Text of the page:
Skip to content

Health & Balance

Font Size

Questions & Answers: Advance Directives and End of Life Decisions

When will my advance directives go into effect?

Your advance directives become legally valid as soon as you sign them in front of the required witnesses. However, they normally do not go into effect unless you are unable to make your own decisions and each state establishes its own guidelines for when advance directives become operative. The rules may differ for living wills and medical powers of attorney, as described below.

Living will. In most states, before your living will can guide medical decision making, two physicians must certify that you are unable to make medical decisions and that you are in the medical condition specified in the state's living will law (such as "terminal illness" or "permanent unconsciousness"). Other requirements also may apply, depending upon the state.

Recommended Related to Mind, Body, Spirit

Make a Midlife Crisis Work for You

By Jennifer Warner Rather than letting fear and anxiety restrict your life choices and leave you in a rut, experts say you can look at a midlife crisis as an opportunity for personal growth. Linda Sapadin, author of Master Your Fears: How to Triumph over Your Worries and Get on with Your Life, recommends these steps for using a midlife crisis to your advantage: Do one gutsy thing. Do something despite feeling uncomfortable or fearful about it. "That's one way to move outside of your comfort...

Read the Make a Midlife Crisis Work for You article > >

Medical power of attorney. Most medical powers of attorney go into effect when your physician concludes that you are unable to make your own medical decisions. If you regain the ability to make decisions, your agent cannot continue to act for you. Many states have additional requirements that apply only to decisions about life-sustaining medical treatments. For example, before your agent can refuse a life-sustaining treatment on your behalf, a second physician may have to confirm your doctor's assessment that you are incapable of making treatment decisions.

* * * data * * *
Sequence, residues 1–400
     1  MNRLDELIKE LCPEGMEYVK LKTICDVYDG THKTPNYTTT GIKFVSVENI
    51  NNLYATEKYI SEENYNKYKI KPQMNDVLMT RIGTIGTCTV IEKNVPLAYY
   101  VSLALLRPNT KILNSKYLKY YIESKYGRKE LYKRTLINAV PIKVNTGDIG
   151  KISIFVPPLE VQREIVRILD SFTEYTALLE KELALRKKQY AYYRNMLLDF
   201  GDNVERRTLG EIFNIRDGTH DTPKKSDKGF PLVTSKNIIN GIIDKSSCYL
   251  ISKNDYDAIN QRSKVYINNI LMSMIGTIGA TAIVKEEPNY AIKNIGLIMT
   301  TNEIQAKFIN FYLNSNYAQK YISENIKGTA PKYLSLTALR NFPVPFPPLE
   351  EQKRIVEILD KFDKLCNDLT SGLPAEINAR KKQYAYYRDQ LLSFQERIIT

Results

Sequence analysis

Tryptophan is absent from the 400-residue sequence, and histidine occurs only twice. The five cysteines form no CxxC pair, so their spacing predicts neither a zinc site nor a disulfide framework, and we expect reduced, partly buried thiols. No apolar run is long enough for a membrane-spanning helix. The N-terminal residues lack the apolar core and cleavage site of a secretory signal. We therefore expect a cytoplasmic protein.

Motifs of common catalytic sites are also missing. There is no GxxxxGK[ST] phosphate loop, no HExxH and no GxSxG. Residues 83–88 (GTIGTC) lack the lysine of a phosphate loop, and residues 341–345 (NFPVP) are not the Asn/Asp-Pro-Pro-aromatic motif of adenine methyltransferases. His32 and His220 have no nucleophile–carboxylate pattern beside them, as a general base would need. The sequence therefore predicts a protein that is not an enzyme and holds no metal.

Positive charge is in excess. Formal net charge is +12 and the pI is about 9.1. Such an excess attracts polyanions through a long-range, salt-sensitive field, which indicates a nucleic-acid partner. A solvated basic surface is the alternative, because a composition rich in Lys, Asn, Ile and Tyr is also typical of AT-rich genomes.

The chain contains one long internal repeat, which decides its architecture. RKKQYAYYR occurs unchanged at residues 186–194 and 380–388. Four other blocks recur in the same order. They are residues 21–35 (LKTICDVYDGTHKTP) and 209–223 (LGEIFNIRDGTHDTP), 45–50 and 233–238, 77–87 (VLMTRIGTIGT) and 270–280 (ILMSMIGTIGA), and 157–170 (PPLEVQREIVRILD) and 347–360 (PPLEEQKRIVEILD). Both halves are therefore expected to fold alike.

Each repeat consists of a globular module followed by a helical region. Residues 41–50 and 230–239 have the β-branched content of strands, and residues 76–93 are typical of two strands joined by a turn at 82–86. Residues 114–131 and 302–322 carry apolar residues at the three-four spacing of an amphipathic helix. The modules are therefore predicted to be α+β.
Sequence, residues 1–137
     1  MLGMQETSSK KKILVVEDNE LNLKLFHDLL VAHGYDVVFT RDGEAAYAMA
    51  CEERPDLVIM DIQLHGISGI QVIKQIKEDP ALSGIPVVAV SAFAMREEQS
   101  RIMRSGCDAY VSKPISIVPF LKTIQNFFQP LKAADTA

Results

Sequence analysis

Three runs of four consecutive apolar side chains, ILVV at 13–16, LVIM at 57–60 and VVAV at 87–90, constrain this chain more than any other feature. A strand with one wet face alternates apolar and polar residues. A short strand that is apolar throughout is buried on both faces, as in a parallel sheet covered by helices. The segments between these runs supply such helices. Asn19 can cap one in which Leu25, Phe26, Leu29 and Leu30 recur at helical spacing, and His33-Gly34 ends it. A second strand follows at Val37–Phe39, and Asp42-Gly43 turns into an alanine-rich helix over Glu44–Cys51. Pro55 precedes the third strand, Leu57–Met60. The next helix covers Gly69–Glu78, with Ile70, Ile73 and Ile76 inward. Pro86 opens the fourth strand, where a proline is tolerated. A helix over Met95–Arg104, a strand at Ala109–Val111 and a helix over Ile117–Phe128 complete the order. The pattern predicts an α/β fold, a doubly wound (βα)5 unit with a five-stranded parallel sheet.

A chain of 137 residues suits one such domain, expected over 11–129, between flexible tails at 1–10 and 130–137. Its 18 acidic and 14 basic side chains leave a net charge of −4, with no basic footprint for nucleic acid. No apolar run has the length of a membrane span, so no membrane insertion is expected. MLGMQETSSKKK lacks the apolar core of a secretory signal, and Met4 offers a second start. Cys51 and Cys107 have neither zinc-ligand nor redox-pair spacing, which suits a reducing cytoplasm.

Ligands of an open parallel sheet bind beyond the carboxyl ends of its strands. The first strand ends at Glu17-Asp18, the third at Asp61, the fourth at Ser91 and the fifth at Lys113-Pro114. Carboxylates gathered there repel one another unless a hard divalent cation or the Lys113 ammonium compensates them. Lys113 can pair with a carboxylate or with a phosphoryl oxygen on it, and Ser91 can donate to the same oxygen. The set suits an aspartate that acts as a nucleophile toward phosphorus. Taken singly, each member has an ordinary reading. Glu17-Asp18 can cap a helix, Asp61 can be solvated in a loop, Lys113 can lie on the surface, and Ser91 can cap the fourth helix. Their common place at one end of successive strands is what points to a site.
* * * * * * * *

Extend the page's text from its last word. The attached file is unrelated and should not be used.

Your state specific advance directive provided by The National Hospice and Palliative Care Organization explains when the documents go into effect under your state's laws.

Will my advance directives be honored if I am in an accident or experience a medical crisis at home and emergency technicians are called?

In these emergency situations, unless you are able to speak for yourself, your consent to treatment is presumed. Once emergency personnel have been called, they are obligated to do what is necessary to stabilize a patient for transfer to a hospital, both from accident sites and from a home or other facility. After a physician fully evaluates the person's condition and determines the underlying conditions, advance directives can be implemented if warranted.

Emergency medical technicians cannot honor living wills or medical powers of attorney. However, in many localities, the specific crisis of cardiac arrest/respiratory arrest is addressed by a document called a "Non-hospital Do-Not-Resuscitate Order." Individuals with underlying conditions that would make resuscitation unwarranted under any circumstances can carry a special "do-not-resuscitate" (DNR) order signed by a doctor and in some states can wear a special bracelet or other indicator that such a signed order exists.

Today on WebMD

woman in yoga class
6 health benefits of yoga.
beautiful girl lying down of grass
10 relaxation techniques to try.
mature woman with glass of water
Do you really need to drink 8 glasses of water a day?
coffee beans in shape of mug
Get the facts.
Take your medication
Hand appearing to hold the sun
Hungover man
Welcome mat and wellington boots
Woman worn out on couch
Happy and sad faces
Fingertip with string tied in a bow
laughing family